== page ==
Environmental / Resource Management

Freedom Interrupted

The Government hopes that the Freedom Camping Bill (Bill) introduced to Parliament on 18 May 2011 will make inroads in dealing with the growing problem of freedom campers.

The problem

Freedom campers are notorious in many tourist hotspots around New Zealand for their improper disposal of waste (including toilet waste) and their disregard for the philosophy of leaving a place as you find it. These actions cause offence to local residents, are a hindrance to local authorities and the Department of Conservation (DoC) and generally create public health and safety issues that threaten New Zealand's clean, green image.

The current framework

Currently local authorities and DoC are able to decide how best to deal with the detrimental effects freedom campers have on their local districts and conservation reserves. This has produced a haphazard approach leaving both international and domestic tourists bewildered as to what rules apply, and an increasing number of complaints from locals over irresponsible freedom camping in their district. Local authorities that already have freedom camping bylaws in place have been reluctant to prosecute because the low penalties have not justified the costs involved. This has resulted in freedom campers being given warnings that often go ignored, or freedom campers moving on to another district where different rules apply.

The new framework

The Bill sets out a national policy framework that will synchronise the powers of local authorities and DoC so that tourists can have a clearer understanding of the rules surrounding freedom camping and the penalties involved. The Bill applies to local authority-controlled land and DoC land.

The key tactic to facilitate a reduction in the adverse effects of freedom camping is to raise the fines involved and clarify to whom they apply. The Bill provides for a $200 infringement fee for illegal camping that may be imposed on the camper or the vehicle. It is expected new regulations will require campervan hire companies to record and disclose details of renters so that these instant fines can be enforced. This addresses the transient nature of freedom campers who often leave the country without paying fines.

In addition to infringement fees, a person successfully prosecuted for certain offences, including illegally discharging waste, can be given a fine of up to $10,000. It is hoped this increased penalty will justify court costs, prompting greater prosecution of freedom campers who leave their waste in some of New Zealand's most idyllic locations.

It will be up to local authorities and DoC to administer the enforcement of the legislation. The local authorities will retain the revenue from fines issued by enforcement officers in their jurisdiction, and revenue from offences on DoC reserves will be paid into the Crown Bank Account.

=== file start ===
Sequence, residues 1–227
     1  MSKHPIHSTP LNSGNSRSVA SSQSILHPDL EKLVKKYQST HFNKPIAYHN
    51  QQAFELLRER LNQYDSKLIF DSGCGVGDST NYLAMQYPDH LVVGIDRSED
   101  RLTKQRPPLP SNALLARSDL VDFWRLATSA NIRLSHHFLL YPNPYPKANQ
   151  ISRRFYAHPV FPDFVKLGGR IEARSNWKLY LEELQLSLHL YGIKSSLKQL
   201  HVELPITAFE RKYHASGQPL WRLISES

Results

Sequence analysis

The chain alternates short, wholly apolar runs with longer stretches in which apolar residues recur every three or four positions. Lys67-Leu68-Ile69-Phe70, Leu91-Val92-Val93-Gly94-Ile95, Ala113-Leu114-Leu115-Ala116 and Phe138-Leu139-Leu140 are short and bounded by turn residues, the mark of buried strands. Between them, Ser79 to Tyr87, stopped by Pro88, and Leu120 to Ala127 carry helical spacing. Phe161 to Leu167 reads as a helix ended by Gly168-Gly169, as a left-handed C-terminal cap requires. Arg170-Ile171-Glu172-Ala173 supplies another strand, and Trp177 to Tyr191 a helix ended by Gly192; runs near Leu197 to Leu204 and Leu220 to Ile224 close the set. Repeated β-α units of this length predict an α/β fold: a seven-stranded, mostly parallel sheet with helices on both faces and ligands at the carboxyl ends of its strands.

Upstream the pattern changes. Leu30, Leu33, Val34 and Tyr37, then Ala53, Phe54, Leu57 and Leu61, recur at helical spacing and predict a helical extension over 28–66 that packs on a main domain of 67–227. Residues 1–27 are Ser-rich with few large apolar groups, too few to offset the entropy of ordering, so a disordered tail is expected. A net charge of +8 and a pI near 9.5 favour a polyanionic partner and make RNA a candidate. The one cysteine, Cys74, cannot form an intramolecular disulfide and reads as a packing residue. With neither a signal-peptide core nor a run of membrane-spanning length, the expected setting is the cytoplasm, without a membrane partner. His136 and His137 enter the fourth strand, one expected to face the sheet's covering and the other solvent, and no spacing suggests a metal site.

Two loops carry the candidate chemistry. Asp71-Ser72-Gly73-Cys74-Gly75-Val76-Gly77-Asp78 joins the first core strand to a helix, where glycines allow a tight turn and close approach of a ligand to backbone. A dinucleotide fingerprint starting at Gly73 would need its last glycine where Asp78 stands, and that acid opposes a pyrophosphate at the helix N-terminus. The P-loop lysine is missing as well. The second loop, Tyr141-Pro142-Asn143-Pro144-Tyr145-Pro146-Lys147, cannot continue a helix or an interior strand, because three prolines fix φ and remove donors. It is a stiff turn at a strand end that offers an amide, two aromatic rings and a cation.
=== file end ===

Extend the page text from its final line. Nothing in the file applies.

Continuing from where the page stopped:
The Bill provides a coordinated approach to enforcement between local authorities and DoC where infringement notices on land within the other agency's control can be issued by each other's staff.

The Bill allows local authorities to make bylaws specifying the areas where camping is allowed, where it is restricted, and where it is prohibited outright. Similarly DoC may erect camping restriction and prohibition signs limiting camping within 200m, or make public freedom camping notices imposing restrictions or prohibitions over wider areas that are published in the Gazette and national newspapers.

Transitional provisions

Schedule 3 of the Bill lists freedom camping bylaws already passed by local authorities that if breached create an infringement offence under the Bill. The Bill also lists in Schedule 4 the existing freedom camping bylaws which if breached create an infringement offence once a resolution has been passed. It is important that those local authorities ensure such resolutions are passed so they can begin enforcing the Bill as soon as it is enacted. Local authorities will also need to publicly notify those resolutions.

These provisions apply for a transitional period of a year from the time the Bill is enacted to give temporary effect to current local authority camping-related bylaws under the infringement regime.

The future

It is expected nationally consistent signage and a website that identifies where tourists are allowed to camp will produce a greater familiarity, by tourists, of New Zealand's freedom camping policy.

The Government is looking to roll the legislation out before the Rugby World Cup. Local authorities should be aware of the legislation so that this national framework can be implemented before the furore of the Rugby World Cup hits our shores.

A due date for submissions on the Bill is yet to be specified.

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Public Sector, Environment & Resources

The contents of this publication are general in nature and are not intended to serve as a substitute for legal advice on a specific matter. In the absence of such advice no responsibility is accepted by Brookfields for reliance on any of the information provided in this publication.

 

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